At the beginning of my acupuncture appointments, we have a check in. She asks how I am doing and I respond with what I am feeling in my body, how my sleep has been, and let her know if any new issues have shown up. Last week, not feeling the best I have felt but also not feeling the worst either, when she asked me how I was doing, I replied, "I'm OK." She answered, "Ok is good." OH yes. That's right. OK is good.
Those three words took me back to my counseling sessions last year after my mother died. My therapist helped me realize that I have a tendency to hold on to the broken persona, that I won't give myself permission to be OK. I am sure that this cycles back to years of being a sinner saved by grace, being taught that I was broken and in need of a savior. The idea was so firmly planted within me that for a long time, I didn't know how to be OK. Just OK.
I think being broken also can become an excuse. All of my flaws, mistakes, and purposeful wounding can be blamed on my being broken. If I am not whole and healthy then I don't have to show up whole and healthy in the world. I guess I am trying to say that the mindset that I am broken somehow weirdly creates space for bad habits and bad behavior.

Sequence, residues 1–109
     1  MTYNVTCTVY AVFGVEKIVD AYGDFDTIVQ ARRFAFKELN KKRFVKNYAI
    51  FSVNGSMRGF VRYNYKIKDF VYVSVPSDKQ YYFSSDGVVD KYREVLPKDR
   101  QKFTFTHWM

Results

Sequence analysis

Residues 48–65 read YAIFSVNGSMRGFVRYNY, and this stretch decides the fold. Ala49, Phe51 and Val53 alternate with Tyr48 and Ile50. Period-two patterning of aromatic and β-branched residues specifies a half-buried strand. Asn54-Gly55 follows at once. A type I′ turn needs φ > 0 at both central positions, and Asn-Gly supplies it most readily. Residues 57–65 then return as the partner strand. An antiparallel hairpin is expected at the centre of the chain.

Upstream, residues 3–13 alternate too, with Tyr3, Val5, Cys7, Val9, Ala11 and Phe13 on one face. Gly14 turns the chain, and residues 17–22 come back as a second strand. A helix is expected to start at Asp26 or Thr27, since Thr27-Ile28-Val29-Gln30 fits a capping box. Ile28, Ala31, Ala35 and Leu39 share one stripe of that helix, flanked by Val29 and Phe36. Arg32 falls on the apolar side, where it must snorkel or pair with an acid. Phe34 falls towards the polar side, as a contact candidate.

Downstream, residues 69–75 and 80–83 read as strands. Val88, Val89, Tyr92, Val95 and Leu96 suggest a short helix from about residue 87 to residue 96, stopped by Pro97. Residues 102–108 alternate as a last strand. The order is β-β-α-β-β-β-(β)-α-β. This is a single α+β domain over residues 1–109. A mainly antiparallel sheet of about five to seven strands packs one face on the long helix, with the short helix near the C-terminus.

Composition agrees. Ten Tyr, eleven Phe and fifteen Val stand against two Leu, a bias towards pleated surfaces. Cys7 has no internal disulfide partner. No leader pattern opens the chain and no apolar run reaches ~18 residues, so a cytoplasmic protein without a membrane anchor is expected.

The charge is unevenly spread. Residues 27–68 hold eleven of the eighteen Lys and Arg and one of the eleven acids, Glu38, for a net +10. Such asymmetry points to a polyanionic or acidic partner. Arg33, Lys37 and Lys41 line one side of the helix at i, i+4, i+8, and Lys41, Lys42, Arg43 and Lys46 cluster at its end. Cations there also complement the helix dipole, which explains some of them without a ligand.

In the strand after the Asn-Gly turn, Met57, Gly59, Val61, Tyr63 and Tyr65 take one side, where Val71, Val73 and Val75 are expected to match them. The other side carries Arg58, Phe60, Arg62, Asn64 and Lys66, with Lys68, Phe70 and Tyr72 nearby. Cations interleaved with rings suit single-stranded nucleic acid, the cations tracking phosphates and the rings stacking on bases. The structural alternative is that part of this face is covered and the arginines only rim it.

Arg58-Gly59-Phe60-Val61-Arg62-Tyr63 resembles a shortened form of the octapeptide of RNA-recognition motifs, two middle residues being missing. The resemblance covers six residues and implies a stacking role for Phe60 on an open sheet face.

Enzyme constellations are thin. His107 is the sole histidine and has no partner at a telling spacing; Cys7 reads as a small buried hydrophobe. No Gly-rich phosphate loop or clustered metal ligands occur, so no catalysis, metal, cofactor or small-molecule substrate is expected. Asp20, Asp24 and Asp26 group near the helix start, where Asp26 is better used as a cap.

If I am OK and good then I must act like I am OK and good. There is no excuse for not doing art, for not showing up to life with all of my OK magic, for not being a whole and healthy person. No excuses. Why would someone choose to NOT be OK? I'll leave that to the psychologists to explain because even though I got stuck there myself for a bit, now that I am on the other side, I don't understand it. I do believe there is true mental illness in the world. That is not what I am speaking of. I am speaking of the mindset that is merely a way of thinking of yourself. Change the tape, change the narrative, tell yourself different stories about yourself. I am OK and good. You are OK and good.
There is so much more freedom in being OK. Possibilities are abundant, hope is a real thing that can be created, and mistakes are just that ... mistakes. The mistakes we make are not part of our DNA. They don't define who we are at the core of our being.
Imagine what your life would be without the baggage of being broken. What would happen if you went through this day saying, "I am OK and I am good." What would you do differently? How would your interactions with others be? AND what would happen if you can look at others and say the same thing. They are OK and they are good. They don't need fixing any more than I need fixing. It's a radical thought, isn't it?